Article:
The very latest in design

London is the design capital of the world. Barbara Chandler finds the most exciting ideas from the shows going into the shops
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London shops are filling up with the fabulous ideas seen at this autumn’s design shows.

Receiving well-deserved praise, the best ideas were largely British, with a big emphasis on the sharp and stylish translation of eco products into fashionable homeware.

From a lovely nettle fabric at 100% Design to The Greenhaus stand at Tent, there is a great aesthetic move towards sustainability, forging new technologies, materials and forms as they go.

'The best ideas were largely British, with a big emphasis on the sharp and stylish translation of eco products'



At the Lighten Up show, there was sparkle, humour and allure. This was an impressive installation of more than 60 specially designed lights that save energy or are made from recycled or sustainable materials.

Organisers Sarah Johnson and Jason Allcorn, of [re]design, are two of London’s most effective eco warriors. Allcorn used a long polytunnel covered in a blackout mesh to create a mysterious ambience, in which lamps shone magically. Here, designers literally reinvented the light bulb.

Jennifer Newman
Sculptor Jennifer Newman's work trolley, from £4.50. (www.jennifernewman.com)
Nicholas Roope of Hulger has reformed those ugly CFLs (compact fluorescent lamps) into luminescent stand-alone loops that don’t need a shade.

SKK in Soho has devised the flexi-bulb, a smart new form of LEDs (light emitting diodes) that can be “customised” with lenses to alter brightness and beam angle.

And Nick Rawcliffe has bent aluminium strip into circles, like rings around a planet. A continuous strip of LEDs give this fitting an ethereal yet powerful light that could last for more than 20 years. Details of these are on www.redesigndesign.org.

And, as an energy-saving bible, get the detailed Lighten Up book for £24, including postage. The “sound of light” table lamp can be downloaded in DIY form from the internet.

Matthew Plummer-Fernandez, a student at the RCA, has encased fluorescent tubes in 50 jagged profiles cut from clear acrylic sheets. You can get instructions for cutting out this design for £1 from the new KithKin website, www.kith-kin.co.uk/shop/sound-of-light.

Snow Baby table light by Angus Hutcheson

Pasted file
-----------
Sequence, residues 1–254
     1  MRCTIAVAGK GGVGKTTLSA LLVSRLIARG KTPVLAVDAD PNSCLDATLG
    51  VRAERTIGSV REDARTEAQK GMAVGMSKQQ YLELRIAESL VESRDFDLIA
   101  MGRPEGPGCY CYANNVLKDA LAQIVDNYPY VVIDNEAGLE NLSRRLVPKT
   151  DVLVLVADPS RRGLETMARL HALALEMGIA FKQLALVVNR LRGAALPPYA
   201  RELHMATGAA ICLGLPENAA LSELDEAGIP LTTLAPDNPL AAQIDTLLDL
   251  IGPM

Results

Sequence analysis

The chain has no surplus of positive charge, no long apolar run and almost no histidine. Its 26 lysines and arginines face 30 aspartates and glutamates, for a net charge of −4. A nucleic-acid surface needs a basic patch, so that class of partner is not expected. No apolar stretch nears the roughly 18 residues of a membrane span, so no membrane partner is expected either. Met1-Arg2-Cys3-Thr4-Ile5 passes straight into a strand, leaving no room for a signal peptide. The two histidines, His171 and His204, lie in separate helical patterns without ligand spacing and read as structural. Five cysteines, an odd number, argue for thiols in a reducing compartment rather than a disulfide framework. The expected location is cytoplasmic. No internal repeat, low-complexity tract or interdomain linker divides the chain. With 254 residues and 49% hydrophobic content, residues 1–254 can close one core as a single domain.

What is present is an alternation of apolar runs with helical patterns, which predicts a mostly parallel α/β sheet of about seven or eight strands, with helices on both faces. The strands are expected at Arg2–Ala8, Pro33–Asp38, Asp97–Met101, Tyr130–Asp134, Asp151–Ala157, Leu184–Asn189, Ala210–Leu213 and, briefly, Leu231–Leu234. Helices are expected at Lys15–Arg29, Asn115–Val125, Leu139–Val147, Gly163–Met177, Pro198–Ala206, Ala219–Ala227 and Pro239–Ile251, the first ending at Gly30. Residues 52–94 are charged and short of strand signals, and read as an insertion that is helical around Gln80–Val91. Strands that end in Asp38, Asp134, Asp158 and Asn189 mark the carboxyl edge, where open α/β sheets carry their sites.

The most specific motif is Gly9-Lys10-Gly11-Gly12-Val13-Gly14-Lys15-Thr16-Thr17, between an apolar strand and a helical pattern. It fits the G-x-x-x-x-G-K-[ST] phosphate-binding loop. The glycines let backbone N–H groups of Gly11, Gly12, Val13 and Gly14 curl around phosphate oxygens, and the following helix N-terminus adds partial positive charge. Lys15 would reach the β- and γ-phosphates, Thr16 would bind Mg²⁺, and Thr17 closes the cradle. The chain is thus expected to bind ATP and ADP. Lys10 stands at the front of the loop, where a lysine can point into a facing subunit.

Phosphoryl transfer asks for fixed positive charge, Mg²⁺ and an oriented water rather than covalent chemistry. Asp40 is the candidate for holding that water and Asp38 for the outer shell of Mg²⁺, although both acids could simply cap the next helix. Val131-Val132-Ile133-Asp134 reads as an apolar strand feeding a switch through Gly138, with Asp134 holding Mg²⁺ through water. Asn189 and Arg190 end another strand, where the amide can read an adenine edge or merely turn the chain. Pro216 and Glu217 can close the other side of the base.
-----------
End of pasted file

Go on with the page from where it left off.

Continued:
Snow Baby table light by Angus Hutcheson (www.angoworld.com)
Then take your computer file to a laser-cutting company, commission your kit of components and finally glue them together. Try Hamar Acrylic in E2 (020 7739 2907; www.hamaracrylic.co.uk). Plummer-Fernandez estimates a cost of around £200.

Elsewhere, designers pushed the boundaries to harvest new materials from the natural world. Soft and strokable nettle fabric - appropriately called Sting - was designed by Penny Lovatt for Camira in West Yorkshire in eight subtle shades, including a deep berry purple. It deservedly won 100% Design’s sustainability award.

Further afield, in Thailand, British - and Architectural Association-trained - Angus Hutcheson is fashioning cloud-like lamps from silk cocoons and a sheet material from tapioca.

Back in London, interior decorator Amanda Hutson has designed elegant furniture to highlight the beauty of waste coconut shells. This material, developed as woven and mosaic panels by Australian Peter Aquilina (for Omarno) has all the beauty of fine marquetry.

A long, low bench with a surrealistic seat made from 1,625 small pink pencils was surprisingly comfortable - must be the rubbers on the pencil ends. But why? “Well, why not?” say its makers, brothers Will and Sam Boex.

Pack-flat furniture saves transport space, and therefore fuel and energy costs. But battling with screws, nuts and bolts, Ikea-wise, can be baffling and beastly. Rupert McKelvie’s clever chairs simply unfold.

Sam Johnson and his Net chair
Sam Johnson and his award-winning Net chair (www.markproduct.com)

Barely there chair


Time was when a table had four legs and that was that. But now under-structures get ever more outlandish. Freshwest design company creates bewildering timber scaffolds with angled, crane-like outlines.

Engineer George Rice, of Formtank, has cut a support folded into place from a single sheet of metal. Viewed from above, Limahl Asmall’s circular glass top looks like a massed assembly of that old game Pick-Up-Sticks.

These artefacts for extreme dining are ultra-exciting - but won’t tucked-in feet rather muddy their aesthetic?

Metal puts furniture on a diet, with wire and sheet reducing bulk to barely there. Sam Johnson’s Net chair for Mark is like a large and rigid cat’s cradle and was an award-winner at 100% Design.

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